Tuesday, March 31, 2009

Lincoln National (LNC) Implodes ; Principal Financial (PFG) Cutting Salaries

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It was a quite excellent day to be short insurers yesterday as news from Lincoln National (LNC) sunk the sector. We have been focused on Prudential (PRU) which we went short in the teeth of Kool Aid, suffering for a day or two [Mar 25: Short Prudential] but said it was really a coin toss over Hartford Financial (HIG) ... MetLife (MET) was not in very good shape either. (we did cover some Prudential short yesterday) The hilarity of last week was watching Prudential continue to rise despite downgrades in its debt... but when you have shorts on the run, stocks can go up, up, up. Principal Financial (PFG) also was downgraded last week, and late Friday took the steps of cutting pay (oooh, salary deflation) across the board to save costs. I always love those late Friday night announcements when public firms pull these stunts...
  • Principal Financial Group will temporarily reduce salaries of employees, the management and the board by 2%-10% as part of the company's cost-saving effort, according to a company statement sent to MarketWatch on Monday. The company will also scale back personal time off, not fill open positions and suspend some corporate benefits. "These actions are designed to help offset decreased revenues caused by the markets' unprecedented impact on our asset based businesses," Principal Financial said.
  • The pay cuts come two days after Moody's Investors Service cut the company's ratings saying Principal likely will face greater pressure on liquidity and earnings as the economic downturn affects its business.
This is going to be one very interesting sector since the regulators are at the state level, and I believe we have a potential federal level bailout coming (yes dear reader, even MORE of your tax money has a collision course with this sector) Right now the federal government is stalling on this end [Mar 12: WSJ - The Next Big Bailout Choice - Insurers] but if you can imagine the panic nationwide if people suppose the insurance companies don't have the funds necessary to make payments. So while its not within the bounds of federal government to step in, if capital markets don't boom and right quick... they will overstep their bounds (again) since its a "national emergency". But not yet.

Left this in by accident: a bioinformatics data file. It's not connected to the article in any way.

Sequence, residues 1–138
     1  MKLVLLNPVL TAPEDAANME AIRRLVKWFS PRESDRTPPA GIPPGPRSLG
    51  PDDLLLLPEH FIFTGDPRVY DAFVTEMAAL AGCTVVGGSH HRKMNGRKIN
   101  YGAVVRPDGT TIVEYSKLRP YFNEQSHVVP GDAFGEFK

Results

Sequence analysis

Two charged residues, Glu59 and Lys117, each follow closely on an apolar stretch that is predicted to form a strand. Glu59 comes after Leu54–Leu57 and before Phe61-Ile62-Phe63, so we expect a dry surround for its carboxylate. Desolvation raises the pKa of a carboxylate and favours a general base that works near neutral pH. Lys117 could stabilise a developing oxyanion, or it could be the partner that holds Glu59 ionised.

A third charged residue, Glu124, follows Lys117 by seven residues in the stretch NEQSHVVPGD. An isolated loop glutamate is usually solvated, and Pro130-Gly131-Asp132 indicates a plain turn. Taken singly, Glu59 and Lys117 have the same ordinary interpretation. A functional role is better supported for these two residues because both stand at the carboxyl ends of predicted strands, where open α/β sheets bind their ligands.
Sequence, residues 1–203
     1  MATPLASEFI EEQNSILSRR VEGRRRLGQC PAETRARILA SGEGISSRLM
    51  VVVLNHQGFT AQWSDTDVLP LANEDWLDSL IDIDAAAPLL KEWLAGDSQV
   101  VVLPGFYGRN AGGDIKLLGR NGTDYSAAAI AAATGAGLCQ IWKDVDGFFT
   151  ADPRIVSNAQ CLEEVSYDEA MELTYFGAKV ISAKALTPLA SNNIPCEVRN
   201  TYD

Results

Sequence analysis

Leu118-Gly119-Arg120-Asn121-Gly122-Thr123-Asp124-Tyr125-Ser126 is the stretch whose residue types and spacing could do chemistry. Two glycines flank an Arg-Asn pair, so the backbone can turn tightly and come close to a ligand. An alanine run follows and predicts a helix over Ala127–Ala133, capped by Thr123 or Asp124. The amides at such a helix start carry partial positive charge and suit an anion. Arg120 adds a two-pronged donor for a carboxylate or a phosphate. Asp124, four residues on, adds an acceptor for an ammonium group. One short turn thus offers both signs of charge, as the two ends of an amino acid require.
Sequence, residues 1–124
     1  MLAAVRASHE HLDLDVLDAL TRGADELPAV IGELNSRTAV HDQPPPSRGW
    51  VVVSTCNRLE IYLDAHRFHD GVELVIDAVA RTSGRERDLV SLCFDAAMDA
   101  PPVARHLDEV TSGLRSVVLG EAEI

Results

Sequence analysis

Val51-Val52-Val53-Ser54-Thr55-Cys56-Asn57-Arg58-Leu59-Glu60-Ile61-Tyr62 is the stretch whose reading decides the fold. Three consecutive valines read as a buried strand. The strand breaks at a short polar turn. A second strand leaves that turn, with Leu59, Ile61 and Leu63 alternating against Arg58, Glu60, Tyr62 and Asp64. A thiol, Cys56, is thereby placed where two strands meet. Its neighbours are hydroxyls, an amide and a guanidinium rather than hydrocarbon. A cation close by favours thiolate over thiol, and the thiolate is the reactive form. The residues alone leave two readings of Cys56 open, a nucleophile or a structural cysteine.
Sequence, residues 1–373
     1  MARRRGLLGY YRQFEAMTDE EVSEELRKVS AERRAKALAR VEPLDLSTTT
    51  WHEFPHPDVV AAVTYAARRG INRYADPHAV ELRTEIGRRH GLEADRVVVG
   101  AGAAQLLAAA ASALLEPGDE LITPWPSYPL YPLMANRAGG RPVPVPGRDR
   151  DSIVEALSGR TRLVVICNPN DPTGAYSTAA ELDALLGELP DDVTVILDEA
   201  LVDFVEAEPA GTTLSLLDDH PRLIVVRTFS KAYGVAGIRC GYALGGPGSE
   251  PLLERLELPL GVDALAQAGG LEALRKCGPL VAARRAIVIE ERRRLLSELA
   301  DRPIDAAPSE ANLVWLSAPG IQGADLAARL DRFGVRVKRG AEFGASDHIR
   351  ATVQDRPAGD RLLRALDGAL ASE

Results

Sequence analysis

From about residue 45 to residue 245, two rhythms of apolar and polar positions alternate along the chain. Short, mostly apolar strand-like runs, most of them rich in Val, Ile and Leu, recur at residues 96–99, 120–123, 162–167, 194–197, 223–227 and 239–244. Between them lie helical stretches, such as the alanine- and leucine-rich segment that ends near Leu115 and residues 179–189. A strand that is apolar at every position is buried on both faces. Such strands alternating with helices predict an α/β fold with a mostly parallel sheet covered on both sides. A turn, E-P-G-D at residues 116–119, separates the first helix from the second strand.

This quandry is in fact what caused Lincoln to implode yesterday; it is getting to the point of humor when we hear folks say things are turning back to normal because of an economic report here, or a Citigroup CEO memo there... yet the minute companies fall outside the perceived wingpsan of Nanny State - their fortunes crumble. That sounds like a return to normal to me...
  • Shares of Lincoln National Corp (LNC) lost more than one-third of their value on Monday after the large life insurer withdrew an application for funding guarantees from the U.S. government.
  • Late Friday, Lincoln disclosed it no longer believed it would qualify under the provisions of the Temporary Liquidity Guarantee Program (TLGP) and was voluntarily withdrawing from consideration, according to a filing with the U.S. Securities and Exchange Commission. The TLGP is overseen by the Federal Deposit Insurance Corp (FDIC).
  • Lincoln and a dozen other life insurers applied months ago for government aid, hoping to get help stabilizing balance sheets badly hurt by losses on investments in the last two quarters.
  • "This tension is manageable at present, but could become more challenging if equity and credit markets weaken substantially," Gallagher wrote in a research note.
  • Earlier this month, Moody's Investors Services downgraded Lincoln National, citing concerns over little liquidity at its holding company and current conditions that have made it difficult for the company to issue debt to refinance $500 million in debt that matures in April.
And then after we are done with bailing out the insurers sometime in the next 12 months; we can move on to bailing out the pension benefit guarantee fund. After we're done with that we can begin thinking about the gaping holes in next year's state budgets. Then we can find a home for your tax dollars bailing out.... wait, what am I saying here. The economy will be recovering broadly in "6 months".

Never mind.

Short Prudential in fund and personal account


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